We know that the facts uncovered and recently reported by the inspector general of the Justice Department, testimonies and documents of subpoenaed government officials, and reams of government documents obtained through Freedom of Information Act lawsuits provide evidence that directors of both the CIA and the FBI, along with a number of high-ranking subordinates, as well as top officials in the Justice Department, made concerted efforts to clandestinely undermine candidate Donald Trump leading up to the November 2016 election.

The FBI and the Justice Department were politically weaponized and FISA courts were repeatedly deceived, in an unprecedented effort to undermine and discredit Trump and throw the election to Clinton.

When that didn’t happen, and Trump was elected, this same cabal continued undeterred in concerted actions to undermine the duly elected president — actions that were tantamount to a coup d’état.

The Constitution was designed and drafted in such a way as to make a coup d’état in the United States unthinkable and impossible. If voting is the sacred right and responsibility of citizenship, elections and vote counting are the only mechanism for establishing the legitimacy of government. Actions to pull off a coup are a betrayal of the Constitution and represent the highest crimes and misdemeanors.

One would assume that critics of the persona and style of Trump would by now be getting somewhat used to him. But the frenzy to destroy the president keeps escalating. Since that’s both irrational and abnormal — given Trump’s significant accomplishments in the first year and a half of his administration, which have greatly improved the economy and restored America’s respect on many fronts of the world stage — there is clearly more going on than disagreement with policy choices and dislike of personality.

In spite of the inscription “Equal Justice Under Law” carved in stone on the front of the Supreme Court building in Washington, D.C., no president in recent memory has taken this societal ideal very seriously. That is, until Donald Trump became president in 2017.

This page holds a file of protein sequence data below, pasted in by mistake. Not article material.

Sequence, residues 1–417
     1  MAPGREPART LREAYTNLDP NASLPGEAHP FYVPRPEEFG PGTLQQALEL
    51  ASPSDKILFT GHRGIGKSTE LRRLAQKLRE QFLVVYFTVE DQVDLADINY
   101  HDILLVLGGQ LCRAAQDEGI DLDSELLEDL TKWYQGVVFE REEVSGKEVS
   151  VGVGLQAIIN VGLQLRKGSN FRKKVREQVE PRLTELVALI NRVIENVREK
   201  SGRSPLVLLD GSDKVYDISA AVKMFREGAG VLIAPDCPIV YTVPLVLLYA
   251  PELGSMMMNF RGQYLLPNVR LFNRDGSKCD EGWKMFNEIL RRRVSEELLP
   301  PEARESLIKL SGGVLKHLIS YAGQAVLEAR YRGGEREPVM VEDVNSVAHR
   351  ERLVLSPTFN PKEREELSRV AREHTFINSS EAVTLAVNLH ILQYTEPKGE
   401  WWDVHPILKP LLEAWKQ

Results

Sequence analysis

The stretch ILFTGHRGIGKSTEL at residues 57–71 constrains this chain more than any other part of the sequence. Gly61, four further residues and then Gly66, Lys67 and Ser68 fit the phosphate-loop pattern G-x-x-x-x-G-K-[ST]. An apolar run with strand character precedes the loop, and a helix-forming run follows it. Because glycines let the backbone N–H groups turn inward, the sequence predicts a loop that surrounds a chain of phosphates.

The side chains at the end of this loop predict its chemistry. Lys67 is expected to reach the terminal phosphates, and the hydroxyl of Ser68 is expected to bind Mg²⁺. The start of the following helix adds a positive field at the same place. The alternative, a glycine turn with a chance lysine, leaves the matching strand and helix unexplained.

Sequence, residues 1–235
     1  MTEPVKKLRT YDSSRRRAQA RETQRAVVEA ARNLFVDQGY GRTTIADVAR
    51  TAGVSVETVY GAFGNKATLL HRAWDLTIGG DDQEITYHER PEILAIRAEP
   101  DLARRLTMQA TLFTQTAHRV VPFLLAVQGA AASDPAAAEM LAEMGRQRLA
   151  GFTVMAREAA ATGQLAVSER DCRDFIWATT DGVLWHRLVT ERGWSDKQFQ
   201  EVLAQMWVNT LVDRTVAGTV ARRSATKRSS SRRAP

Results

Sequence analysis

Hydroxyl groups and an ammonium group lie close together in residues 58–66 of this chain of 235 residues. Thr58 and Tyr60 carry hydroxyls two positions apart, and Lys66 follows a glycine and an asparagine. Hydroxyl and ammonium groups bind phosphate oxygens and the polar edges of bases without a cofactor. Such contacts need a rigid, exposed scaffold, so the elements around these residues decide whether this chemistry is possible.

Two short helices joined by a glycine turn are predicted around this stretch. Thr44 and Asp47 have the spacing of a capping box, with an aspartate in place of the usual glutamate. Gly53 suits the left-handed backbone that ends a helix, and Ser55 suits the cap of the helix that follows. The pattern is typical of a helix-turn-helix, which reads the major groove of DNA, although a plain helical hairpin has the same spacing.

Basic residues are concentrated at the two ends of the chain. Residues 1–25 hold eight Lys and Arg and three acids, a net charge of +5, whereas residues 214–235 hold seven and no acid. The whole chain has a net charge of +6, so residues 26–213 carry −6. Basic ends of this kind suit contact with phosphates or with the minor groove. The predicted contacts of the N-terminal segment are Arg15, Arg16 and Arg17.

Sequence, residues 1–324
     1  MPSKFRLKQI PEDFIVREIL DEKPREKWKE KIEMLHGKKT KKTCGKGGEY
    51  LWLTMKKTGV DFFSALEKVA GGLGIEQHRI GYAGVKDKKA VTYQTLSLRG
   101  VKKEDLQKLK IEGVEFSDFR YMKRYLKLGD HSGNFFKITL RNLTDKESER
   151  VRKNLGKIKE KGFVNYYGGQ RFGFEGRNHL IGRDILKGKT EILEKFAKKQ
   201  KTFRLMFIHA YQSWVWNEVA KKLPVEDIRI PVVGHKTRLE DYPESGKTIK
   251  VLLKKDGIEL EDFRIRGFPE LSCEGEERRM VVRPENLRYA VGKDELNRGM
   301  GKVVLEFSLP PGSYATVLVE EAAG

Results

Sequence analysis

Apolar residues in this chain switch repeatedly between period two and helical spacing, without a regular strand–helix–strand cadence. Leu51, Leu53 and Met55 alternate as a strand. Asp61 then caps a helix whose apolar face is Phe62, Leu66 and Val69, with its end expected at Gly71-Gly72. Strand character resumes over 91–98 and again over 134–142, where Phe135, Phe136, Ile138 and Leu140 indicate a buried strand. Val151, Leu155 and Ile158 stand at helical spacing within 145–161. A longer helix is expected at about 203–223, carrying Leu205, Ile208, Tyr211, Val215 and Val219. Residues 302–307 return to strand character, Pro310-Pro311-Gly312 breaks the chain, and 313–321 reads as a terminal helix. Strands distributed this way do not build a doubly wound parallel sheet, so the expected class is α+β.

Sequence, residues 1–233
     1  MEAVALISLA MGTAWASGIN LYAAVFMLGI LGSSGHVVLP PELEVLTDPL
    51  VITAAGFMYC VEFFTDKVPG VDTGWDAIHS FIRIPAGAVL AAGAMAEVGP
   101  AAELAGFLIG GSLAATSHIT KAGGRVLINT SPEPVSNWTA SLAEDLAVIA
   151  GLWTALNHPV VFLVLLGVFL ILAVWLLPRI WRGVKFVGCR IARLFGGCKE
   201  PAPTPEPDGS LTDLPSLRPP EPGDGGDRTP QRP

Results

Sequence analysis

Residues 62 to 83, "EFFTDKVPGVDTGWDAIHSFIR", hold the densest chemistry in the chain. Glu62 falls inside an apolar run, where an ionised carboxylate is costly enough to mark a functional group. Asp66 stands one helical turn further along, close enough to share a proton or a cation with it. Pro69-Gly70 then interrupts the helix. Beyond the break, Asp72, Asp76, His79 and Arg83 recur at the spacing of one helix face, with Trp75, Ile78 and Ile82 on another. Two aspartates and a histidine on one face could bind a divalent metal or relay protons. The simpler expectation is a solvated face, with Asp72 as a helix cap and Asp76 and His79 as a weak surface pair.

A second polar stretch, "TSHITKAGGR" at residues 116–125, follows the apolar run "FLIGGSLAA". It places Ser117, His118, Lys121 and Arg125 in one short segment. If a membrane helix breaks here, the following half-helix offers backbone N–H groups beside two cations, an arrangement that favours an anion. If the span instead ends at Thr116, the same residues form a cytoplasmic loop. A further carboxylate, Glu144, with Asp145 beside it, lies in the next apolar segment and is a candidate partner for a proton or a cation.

Without much fanfare, Trump signed Executive Order 13818 on December 21, 2017, authorizing the blocking or freezing of any property of persons involved in serious human rights abuse or corruption. Two months later on March 1, 2018, he signed Executive Order 13825, entitled “Amendments to the Manual for Courts-Martial,” which prepares the way for military tribunals for U.S. officials and civilians involved in high crimes.

President Trump’s specific strengthening of the law and his frequent invocations to hold corrupt government elites accountable, just as everyday citizens are held accountable before the same laws, explains why Trump is both hated and feared by the deep state.

Trump is vilified by the national media more than any prior president for the simple reason that he unrelentingly exposes the media’s dishonesty, double standards, and bias. Trump’s frequent calling out of media dishonesty and omission has resulted in his coining the descriptive term “fake news,” which is now universally accepted in many circles as a fair description.

Additional accomplishments for which Trump deserves recognition on Constitution Day include his success in appointing a large number of outstanding constitutionalist jurists to the high courts — perhaps his most important contribution to strengthening the Constitution. It also signals that Trump is deepening the bench for judicial tribunals to successfully try a good many people from high places who assumed they were above the law and that their actions would never see the light of day after Hillary Clinton won.

There is reason to take heart this Constitution Day. The frenzy against President Trump is a contrary indicator. The panic of the guilty gets louder and more animated as their cover gets blown and their day of legal reckoning gets closer. Constitution Day is an occasion to remember that equal justice under the law is the standard, that we the people are in charge, and that the federal government should answer to us — and not the other way around.

Also published in the Colorado Springs Gazette, as “Constitution Day, The Most Instructive Holiday of 2018

Scott S. Powell

Senior Fellow, Center on Wealth and Poverty
Scott Powell has enjoyed a career split between theory and practice with over 25 years of experience as an entrepreneur and rainmaker in several industries. He joins the Discovery Institute after having been a fellow at Stanford’s Hoover Institution for six years and serving as a managing partner at a consulting firm, RemingtonRand. His research and writing has resulted in over 250 published articles on economics, business and regulation. Scott Powell graduated from the University of Chicago with honors (B.A. and M.A.) and received his Ph.D. in political and economic theory from Boston University in 1987, writing his dissertation on the determinants of entrepreneurial activity and economic growth.